The 1994 cotton production season began with near optimal weather conditions. Temperatures and precipitation during planting and early vegetative growth were near optimal levels and were generally near normal. Summer brought an extended period of high day and night temperatures which began in June and continued through September at most locations. The period of high temperature associated with the monsoon (July and August) coincided with a rapid decline in fruit retention across much of the state. While the monsoon provided the usual rise in night temperature and humidity, summer rainfall was relatively light at most locations. Early fall weather was warm and dry, providing generally good conditions for finishing the crop. Weather conditions then cooled dramatically in the late fall prior to the onset of heavy rains in December. The wet December conditions limited post harvest field work in many locations.
    • Plant Growth Regulator Studies at the Safford Agricultural Center, 1994

      Clark, L. J.; Carpenter, E. W.; Silvertooth, Jeff (College of Agriculture, University of Arizona (Tucson, AZ), 1995-03)
      Methanol, Cytokin and PGR IV plant growth regulators were tested on long and short staple cotton on the Safford Agricultural Center in 1994. It was a follow up study on Methanol and Cytokin and a first time look at PGR IV.
    • Cotton Defoliation Evaluations, 1993

      Silvertooth, J. C.; Norton, E. R.; Silvertooth, Jeff (College of Agriculture, University of Arizona (Tucson, AZ), 1995-03)
      Two field experiments were carried out in representative cotton producing areas of Arizona to evaluate the effectiveness of a number of defoliation treatments on Pima cotton. These experiments were conducted at Coolidge and Marana. The treatments employed principally consisted of relatively new materials available in Arizona, and were compared to current standard treatments. All treatments showed promise in terms of effectiveness and the results provide a basis for use recommendations in 1995.
    • Determining Soil Moisture for Irrigation Management

      Martin, E. C.; Husman, S.; Wegener, R.; Brown, P.; Johnson, K.; Schnakenberg, L.; Silvertooth, Jeff (College of Agriculture, University of Arizona (Tucson, AZ), 1995-03)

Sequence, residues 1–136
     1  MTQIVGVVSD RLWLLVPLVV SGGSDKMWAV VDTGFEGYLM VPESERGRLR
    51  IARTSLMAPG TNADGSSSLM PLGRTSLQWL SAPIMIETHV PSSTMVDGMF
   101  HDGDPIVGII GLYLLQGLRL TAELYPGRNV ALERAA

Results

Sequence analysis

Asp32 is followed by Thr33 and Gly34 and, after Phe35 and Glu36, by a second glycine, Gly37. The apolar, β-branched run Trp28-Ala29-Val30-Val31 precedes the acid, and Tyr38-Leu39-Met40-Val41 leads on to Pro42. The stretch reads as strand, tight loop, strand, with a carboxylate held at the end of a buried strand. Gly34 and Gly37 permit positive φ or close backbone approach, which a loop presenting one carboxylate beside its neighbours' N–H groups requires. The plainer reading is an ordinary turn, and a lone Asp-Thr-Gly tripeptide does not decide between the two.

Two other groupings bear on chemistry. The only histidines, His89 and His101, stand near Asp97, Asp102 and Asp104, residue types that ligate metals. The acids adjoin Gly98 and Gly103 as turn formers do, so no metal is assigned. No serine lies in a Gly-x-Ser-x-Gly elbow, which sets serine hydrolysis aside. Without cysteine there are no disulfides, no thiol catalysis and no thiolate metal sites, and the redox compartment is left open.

One key component in good irrigation management is the measurement of soil moisture to help determine when to irrigate. In this study, resistance blocks and tensiometers were compared to neutron probe readings to assess how well these devices followed soil moisture and whether the resistance blocks and /or tensiometers could be used to schedule irrigation in cotton production. The resistance blocks were placed at 6, 18, and 30 inches. Tensiometers were placed at 18 and 30 inches. The readings from the resistance blocks and tensiometers were compared to neutron probe readings taken at 6, 18, and 30 inches. The resistance blocks compared well with the neutron probe readings at the 6 inch and 30 inch depth. At the 18 inch depth, there was much scatter in the data. The tensiometers also showed good comparisons at 30 inches and poor comparisons at 18 inches.
    • Pima Cotton Regional Variety Trial, Safford Agricultural Center, 1994

      Clark, L. J.; Carpenter, E. W.; Hart, G. L.; Nelson, J. M.; Silvertooth, Jeff (College of Agriculture, University of Arizona (Tucson, AZ), 1995-03)
      Ten long staple varieties (including two Pima experimental lines) were tested in a replicated small plot trial on the Safford Agricultural Center in Graham county at an elevation of 2950 feet. Even though the total number of heat units received during the season was nearly as high as the previous year, the average yield was nearly 300 pounds per acre lower. Olvey and Associates OA 304 was the highest yielding variety with a yield of 776 pounds per acre of lint and only two varieties broke the bale and a half mark. Yield and other agronomic data as well as fiber quality data are contained in this paper.
    • Evaluation of a Feedback Approach to Nitrogen and Pix Application

      Silvertooth, J. C.; Norton, E. R.; Unruh, B. L.; Silvertooth, Jeff (College of Agriculture, University of Arizona (Tucson, AZ), 1995-03)